Ryland Barton

State Capitol Bureau Reporter

Ryland is the state capitol reporter for the Kentucky Public Radio Network, a group of public radio stations including WKU Public Radio. A native of Lexington, Ryland has covered politics and state government for NPR member stations KWBU in Waco and KUT in Austin. 

Always looking to put a face to big issues, Ryland's reporting has taken him to drought-weary towns in West Texas and relocated communities in rural China. He's covered breaking news like the 2014 shooting at Fort Hood Army Base and the aftermath of the fertilizer plant explosion in West, Texas. 

Ryland has a bachelor's degree from the University of Chicago and a master's degree in journalism from the University of Texas. He grew up in Lexington.

J. Tyler Franklin

Attorney General Andy Beshear still hasn’t returned contributions made to his 2015 campaign by a former top aide who admitted to taking bribes and is now serving time in federal prison.

Beshear announced last year that he would donate the funds to political watchdog group Common Cause once a routine audit of his campaign account is complete.

The Kentucky Registry for Election Finance confirmed Monday that the audit is still not complete.

Tim Longmeyer was Beshear’s deputy attorney general and last year admitted taking more than $212,000 from a consulting firm in exchange for awarding state contracts to the firm.

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Construction of a statewide broadband internet network in Kentucky has begun, but the project has been delayed and doesn’t have an estimated launch date.

When the initiative was announced in 2015 — during the last year of Gov. Steve Beshear’s administration — officials promised portions in eastern Kentucky would be completed by April 2016.

Phillip Brown is the new executive director of the Kentucky Communications Network Authority, the agency that oversees the project. On Tuesday, he said it still wasn’t clear when the project would launch.

J. Tyler Franklin

Jim Carroll started working for Kentucky’s state parks system in 1978 making $780 a month.

“So I knew the pay wasn’t good but I knew that it was a place where you could advance over time,” Carroll said. “It was stable, and retirement was part of that.”

Carroll later worked in the tourism cabinet and retired in 2009. Since then, he’s organized a group of concerned state pensioners called Kentucky Government Retirees.

Carroll draws a monthly pension from the retirement system for most of Kentucky’s state workers, Kentucky Retirement Systems. Depending how you measure it, KRS has one of the lowest funding levels in the nation.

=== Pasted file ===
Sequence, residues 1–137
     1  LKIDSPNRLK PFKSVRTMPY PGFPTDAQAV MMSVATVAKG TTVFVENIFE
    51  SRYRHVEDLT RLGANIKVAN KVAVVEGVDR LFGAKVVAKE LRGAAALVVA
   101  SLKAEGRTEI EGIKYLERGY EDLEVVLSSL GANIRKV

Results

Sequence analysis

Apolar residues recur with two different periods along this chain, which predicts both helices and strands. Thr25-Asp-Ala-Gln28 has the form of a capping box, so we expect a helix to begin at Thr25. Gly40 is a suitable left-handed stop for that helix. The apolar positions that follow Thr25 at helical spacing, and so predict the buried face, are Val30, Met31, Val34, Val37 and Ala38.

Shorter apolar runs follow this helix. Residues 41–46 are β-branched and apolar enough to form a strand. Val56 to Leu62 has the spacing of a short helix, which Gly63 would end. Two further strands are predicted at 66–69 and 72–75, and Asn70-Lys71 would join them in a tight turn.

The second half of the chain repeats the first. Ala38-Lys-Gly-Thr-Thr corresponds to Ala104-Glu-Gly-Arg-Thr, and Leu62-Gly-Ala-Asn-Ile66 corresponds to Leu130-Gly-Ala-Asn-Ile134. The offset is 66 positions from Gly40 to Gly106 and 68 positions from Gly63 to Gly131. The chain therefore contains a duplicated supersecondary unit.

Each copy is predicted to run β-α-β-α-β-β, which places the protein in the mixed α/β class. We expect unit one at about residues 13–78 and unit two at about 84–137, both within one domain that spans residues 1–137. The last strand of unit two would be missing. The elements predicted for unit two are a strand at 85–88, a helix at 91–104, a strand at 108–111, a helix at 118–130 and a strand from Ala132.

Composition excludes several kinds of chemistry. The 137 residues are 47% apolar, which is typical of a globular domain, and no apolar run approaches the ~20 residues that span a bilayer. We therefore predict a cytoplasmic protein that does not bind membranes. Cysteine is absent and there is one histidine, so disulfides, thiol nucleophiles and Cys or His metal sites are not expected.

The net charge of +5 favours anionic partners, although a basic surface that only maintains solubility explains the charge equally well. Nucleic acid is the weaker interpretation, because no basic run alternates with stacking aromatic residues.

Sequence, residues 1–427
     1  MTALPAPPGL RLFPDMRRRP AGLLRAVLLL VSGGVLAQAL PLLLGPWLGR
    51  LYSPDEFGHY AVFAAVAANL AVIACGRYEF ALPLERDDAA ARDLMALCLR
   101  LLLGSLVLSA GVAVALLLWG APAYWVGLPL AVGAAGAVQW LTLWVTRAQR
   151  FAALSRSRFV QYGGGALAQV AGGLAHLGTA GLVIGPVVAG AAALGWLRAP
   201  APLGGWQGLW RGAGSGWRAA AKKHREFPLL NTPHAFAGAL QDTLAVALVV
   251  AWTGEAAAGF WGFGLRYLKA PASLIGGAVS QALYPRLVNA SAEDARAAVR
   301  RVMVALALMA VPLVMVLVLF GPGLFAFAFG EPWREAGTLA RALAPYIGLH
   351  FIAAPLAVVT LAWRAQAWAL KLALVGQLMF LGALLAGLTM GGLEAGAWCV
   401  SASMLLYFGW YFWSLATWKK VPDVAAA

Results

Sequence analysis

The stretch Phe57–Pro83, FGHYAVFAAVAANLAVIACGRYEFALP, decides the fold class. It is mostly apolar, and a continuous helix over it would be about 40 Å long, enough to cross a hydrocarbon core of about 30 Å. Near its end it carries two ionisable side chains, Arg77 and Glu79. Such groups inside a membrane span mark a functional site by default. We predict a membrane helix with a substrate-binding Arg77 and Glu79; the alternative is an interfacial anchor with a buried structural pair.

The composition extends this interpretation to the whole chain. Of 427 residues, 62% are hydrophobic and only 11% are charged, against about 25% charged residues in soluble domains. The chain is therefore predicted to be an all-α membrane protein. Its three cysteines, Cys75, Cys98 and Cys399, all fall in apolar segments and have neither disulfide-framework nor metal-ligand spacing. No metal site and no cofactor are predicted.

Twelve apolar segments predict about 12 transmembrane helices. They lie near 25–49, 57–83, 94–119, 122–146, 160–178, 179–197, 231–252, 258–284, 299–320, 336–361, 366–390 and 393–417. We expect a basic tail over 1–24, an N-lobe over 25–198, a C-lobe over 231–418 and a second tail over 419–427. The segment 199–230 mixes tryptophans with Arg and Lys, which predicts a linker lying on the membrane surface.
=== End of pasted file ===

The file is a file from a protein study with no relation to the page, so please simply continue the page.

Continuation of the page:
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Congressman John Yarmuth of Louisville has announced he will run for re-election in 2018. Yarmuth is the lone Democrat among Kentucky’s U.S. representatives and senators and has held his seat since 2007.

In a statement, Yarmuth said that he was invigorated by those speaking out against President Donald Trump.

“The current Administration has shown dangerous incompetence in pursuit of a reckless ideology, and the Congressional majority has, by and large, been complicit,” Yarmuth said. “Impassioned individuals of all stripes, here in Louisville and in communities nationwide, have been a true inspiration, speaking out at a volume we haven’t heard in generations.”

J. Tyler Franklin

On the last day of the legislative session, Gov. Matt Bevin walked up to the state Senate and thanked lawmakers for their work — which was for the most part, in lock-step with his agenda.

“This has been a transformative session,” Bevin said. “Kentucky is better for it. We’ve put seeds in the ground that are going to germinate over time. And as we get older and our kids and grandkids grow up, we’ll be able to look back on the 2017 session and be amazed at the things you’ve set in motion.”

Lawmakers transformed the legal landscape of Kentucky during this year’s General Assembly.

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A new poll shows growing support for a statewide ban on smoking in most public places, despite Kentucky having the highest rate of smokers in the nation.

The latest Kentucky Health Issues Poll shows 71 percent of Kentuckians support a comprehensive statewide-smoke free law compared to 66 percent over the last two years.

Ben Chandler, president and CEO of Foundation for a Healthy Kentucky, says such a law would help reduce second-hand smoke and discourage young people from becoming smokers.

“When people don’t see smoking as much, they’re not likely to do it and where we have to stop the smoking is with young people,” Chandler says. “Those are the people who are the most influenced by these things.”

Ryland Barton, WKU Public Radio

The FBI is conducting an antitrust investigation into contractors working on road and construction projects with the Kentucky Transportation Cabinet.

First reported by the Lexington Herald-Leader, the cabinet recently issued a notice for all contractors who work with the state to preserve contract data as a result of the investigation.

Cabinet employees are also required to preserve all data relating to state contracts dating back to 2010 — which means the scope of the investigation will include contracts made under Gov. Matt Bevin’s administration, as well as former Gov. Steve Beshear’s, who left office in 2015.

Ashley Lopez

The last abortion provider in Kentucky will be allowed to stay open while it sues the state’s Cabinet for Health and Family Services for threatening to revoke its license. 

U.S. District Judge Greg Stivers temporarily halted the shutdown of EMW Women’s Surgical Center in Louisville, ordering the state to allow the clinic to continue operating.  Stivers wrote that the plaintiffs have a “strong likelihood of success” in their suit against the state.